Quebec apple growers severely affected by climate change are seeking funding from the Quebec Ministry of Agriculture, Fisheries and Food (MAPAQ) to facilitate the adaptation and modernization of orchards in the province.
Eric Rochon, president of the Quebec Apple Producers, requested a total of $30 million over six years. It took advantage of the start of the apple-growing season to make the announcement at a press conference Sunday morning.
“Our adaptation problems are enormous and have significant consequences on all links in the chain from production to distribution, not to mention consumers,” raises the man who also owns Rochon et Frères Farm.
With increasing extreme weather events due to climate change, the lack of a funding program is further hurting producers. The Orchard Modernization Program of the Government will end in March 2021.
“The summer of 2023 will be characterized by unprecedented extreme weather events. […] The government must support the apple sector to adopt a strategy for growth and adaptation to today’s new realities,” said Martin Caron, President General of the Union des Produces Agricole.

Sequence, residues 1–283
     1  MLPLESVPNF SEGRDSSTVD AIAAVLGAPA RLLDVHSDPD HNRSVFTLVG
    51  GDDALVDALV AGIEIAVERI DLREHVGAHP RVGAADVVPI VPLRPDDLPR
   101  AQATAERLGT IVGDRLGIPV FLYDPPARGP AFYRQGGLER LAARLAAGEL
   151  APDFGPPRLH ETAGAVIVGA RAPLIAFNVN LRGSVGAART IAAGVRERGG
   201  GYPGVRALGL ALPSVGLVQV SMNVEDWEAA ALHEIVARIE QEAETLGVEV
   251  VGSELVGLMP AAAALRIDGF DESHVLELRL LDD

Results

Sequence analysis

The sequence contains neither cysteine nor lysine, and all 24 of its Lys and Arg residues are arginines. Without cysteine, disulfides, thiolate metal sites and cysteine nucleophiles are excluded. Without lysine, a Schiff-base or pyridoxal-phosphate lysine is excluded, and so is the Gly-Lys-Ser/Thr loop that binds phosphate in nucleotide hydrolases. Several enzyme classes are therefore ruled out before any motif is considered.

A different request
In 40 years of operation on Île d’Orléans, Domaine Orléans co-owner Jacques Paradis has seen a change in demand over the years, after which apples became more popular due to their longer shelf life.
“The early varieties of apples are coming out. As the cost of groceries skyrockets during winters, people turn to apples that have a longer shelf life,” he explained.
Therefore, planting and adjusting new apple trees will not produce them for a few more years.
“We have to isolate and replant new varieties. But when you uproot an apple tree that’s already producing and replant another one, you have it for at least 5 or 6 years, but at the same time it’s necessary because we can’t survive without it,” he said.
Difficulty for inheritance
He also said that while it’s not a big problem for him now, the lack of funding will seriously hurt the next generation of apple growers.
“It will definitely take funding if we want to keep it because the young people who are in the business and getting the plantations will have to adapt and that is expensive.
Watering and spraying are examples of this, but in 40 years the number has gone from seven a year to a good twenty, and costs about $600 per operation.
“Products cost between $700 and $800 per litre. It is very expensive, but again, we have no choice because of climate change, so these are expensive,” he concluded.